This is a very important joint, here’s why: The deck expands sideways in the sun; it may also rise and fall slightly with freeze/thaw cycles- if there is not an adequate gap, the pressure caused by such movements will damage the coping- even pushing it off it’s cement setting bed.

Note- Even pools that appear to have an expansion joint can have this problem if deck and coping is touching below the caulk. 

Cantilevered decks- are decks that lay on top of the pool beam (or pool wall); the point where the deck and pool beam interface must have a  “bond breaker” to prevent movement damage. 

Is It A Structural Problem? Or just superficial? An experienced pool inspector can usually tell the difference and advise you. 

 
 
Equipment Brief:
 
Heaters:

Is that a legal stack? Is it safe?

 Is the heater older or newer? Is it running? Well-maintained? 

 Filters, Pumps, Remote Controls, Valves: 

Does it all work as it should? Has it all been maintained well? What are my expected maintenance costs?

Is everything working as it should?

  

Automatic Covers: 

Automatic covers should be inspected for smooth operation; winter covers should be checked for age and wear as well as condition of anchoring system. 

 

Finally, I strongly recommend calling for a pool or spa inspection. I have found some problems that even the previous homeowner was not aware of. Pools are important investments and some larger repairs can run into the tens of thousands.


“…Is my pool/spa safe?”

Bob Russell | June 30, 2010 in Equipment maintenance,Pool equipment,Pool renovations,Pool safety,Pool Service,Uncategorized | Comments (0)

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Is my pool/spa safe?

I enjoy writing about the joy and recreational benefits of owning a pool or spa. When it comes to safety, things get very sober and serious for pool and spa Owners and those in the business.

In the last decade there have been several changes to standards and codes in the pool and spa industry.  The question I am asked most frequently is: “Is my pool or spa safe?”

Today’s safety codes are complex. Pools and spas are also complex. Most pool and spa Owners are bombarded with media hype, marketing gimmicks and general misinformation. I’d like to help. Here are the basic things I look for while inspecting a pool or spa.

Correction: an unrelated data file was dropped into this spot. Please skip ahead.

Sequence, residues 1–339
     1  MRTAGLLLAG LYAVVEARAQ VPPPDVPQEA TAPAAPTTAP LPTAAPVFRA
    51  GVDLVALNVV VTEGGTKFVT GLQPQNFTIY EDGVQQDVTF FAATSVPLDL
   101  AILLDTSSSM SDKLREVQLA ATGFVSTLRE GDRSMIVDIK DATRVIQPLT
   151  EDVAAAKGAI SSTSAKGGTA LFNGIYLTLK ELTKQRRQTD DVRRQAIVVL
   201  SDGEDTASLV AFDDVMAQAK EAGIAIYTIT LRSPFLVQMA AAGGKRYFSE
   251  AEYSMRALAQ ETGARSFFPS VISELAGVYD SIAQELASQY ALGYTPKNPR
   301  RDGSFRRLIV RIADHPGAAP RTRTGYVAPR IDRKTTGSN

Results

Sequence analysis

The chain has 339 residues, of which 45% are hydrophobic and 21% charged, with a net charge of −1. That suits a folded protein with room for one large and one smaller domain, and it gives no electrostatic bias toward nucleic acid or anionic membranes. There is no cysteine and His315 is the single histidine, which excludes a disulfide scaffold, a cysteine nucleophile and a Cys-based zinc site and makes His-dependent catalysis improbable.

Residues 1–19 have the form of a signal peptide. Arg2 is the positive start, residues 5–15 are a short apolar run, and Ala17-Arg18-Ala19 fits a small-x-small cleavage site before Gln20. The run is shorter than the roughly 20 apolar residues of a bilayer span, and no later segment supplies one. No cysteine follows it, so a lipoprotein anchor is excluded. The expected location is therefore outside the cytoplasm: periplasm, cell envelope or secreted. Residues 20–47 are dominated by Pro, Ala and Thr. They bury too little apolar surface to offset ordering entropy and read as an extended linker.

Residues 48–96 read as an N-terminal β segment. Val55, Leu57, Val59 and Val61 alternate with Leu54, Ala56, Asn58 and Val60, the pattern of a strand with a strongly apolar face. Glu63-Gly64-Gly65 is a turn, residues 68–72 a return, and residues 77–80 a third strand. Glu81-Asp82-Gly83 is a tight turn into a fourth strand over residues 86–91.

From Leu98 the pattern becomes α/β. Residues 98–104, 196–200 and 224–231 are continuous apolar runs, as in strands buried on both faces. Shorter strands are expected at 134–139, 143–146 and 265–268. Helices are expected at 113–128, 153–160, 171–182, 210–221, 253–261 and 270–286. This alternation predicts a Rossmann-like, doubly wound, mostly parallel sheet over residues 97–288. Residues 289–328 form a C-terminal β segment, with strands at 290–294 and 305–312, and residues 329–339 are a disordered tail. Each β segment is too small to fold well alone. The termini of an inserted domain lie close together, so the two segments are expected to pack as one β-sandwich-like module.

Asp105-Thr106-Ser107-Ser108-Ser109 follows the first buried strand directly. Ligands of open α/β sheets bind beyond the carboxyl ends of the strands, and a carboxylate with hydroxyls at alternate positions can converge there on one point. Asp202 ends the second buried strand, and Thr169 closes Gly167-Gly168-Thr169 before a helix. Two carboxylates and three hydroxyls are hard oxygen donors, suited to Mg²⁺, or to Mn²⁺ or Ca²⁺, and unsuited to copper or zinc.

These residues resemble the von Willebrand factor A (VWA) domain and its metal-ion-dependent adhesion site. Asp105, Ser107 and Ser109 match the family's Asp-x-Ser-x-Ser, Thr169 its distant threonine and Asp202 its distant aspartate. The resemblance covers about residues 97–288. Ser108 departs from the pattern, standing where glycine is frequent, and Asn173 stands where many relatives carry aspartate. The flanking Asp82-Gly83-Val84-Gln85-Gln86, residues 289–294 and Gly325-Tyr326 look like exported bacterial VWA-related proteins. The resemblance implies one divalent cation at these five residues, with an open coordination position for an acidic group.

1) Suction Outlet Covers: Floor and wall drain covers should be in place and secured by stainless steel screws. Residential pools and spas built since 2003-2004 are required to have two suction outlets that are spaced 3 feet apart.

Spa above with a single suction outlet- built before 2003.

2) Anti-entrapment Covers- In December of 2008, all [existing] commercial pools were required to install specially designed “anti-entrapment” suction outlet covers. Residential pools were to have existing covers replaced when they failed, or at the discretion of the homeowner. Note: The new covers are designed to prevent an object (such as a human body) from creating a seal over a suction outlet; they are also designed to prevent hair entanglement. As expected, these new covers are much more expensive than the old style; they are also made of extraordinarily strong material- unlike the older covers which are relatively easy to break.

Should you replace your spa or pool floor suction covers now?

That’s a good question to ask your service professional!

Some floor suction outlets (e.g. such as the single suction outlet pictured above) are more of a risk than others- it depends on how the pool or spa is plumbed.

The first and most important “layer of safety” is the most obvious: make sure the suction outlet covers are in place and secured.

Spa pictured above is fitted with an approved anti-entrapment cover.

3) SVRS Or, Vacuum Release System- A vacuum release system is an additional layer of safety that became law in 2005  for new residential swimming pools or spas

Vacuum release units (SVRS) vary in shape and size but are all designed to do the same basic thing: release an object that has made a seal over a suction outlet. 

Some ask, “…how can people get stuck on a main drain?” The answer requires a discussion of physics but in short, there can be tremendous force at a suction port that has been sealed. A one horsepower pump (for instance) has enough force to trap a grown man and hold him fast. Some drowning accidents have in fact happened in this way.

Pictured above is a common mechanical SVRS installed on suction-side of pump.

Is your pool or spa equipped with an SVRS?

Is it operational?

These are questions to ask your service professional!

 

Summary:

When inspecting your pool or spa, look for the following  “layers of protection”:

1)      Secured and approved anti-entrapment suction outlet covers. This is the most important layer of safety!

2)      Dual suction outlets - pools built after 2003-2004. (A second outlet can be added to existing pools.)

3)      SVRS system (vacuum release) - required in pools built after April 2005. SVRS systems can be added onto any pool for an additional layer of [anti-entrapment] protection.

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If you have concerns or questions about your pool or spa after reading this post, you should contact your pool professional and get your questioned answered! Safety is nothing to guess at.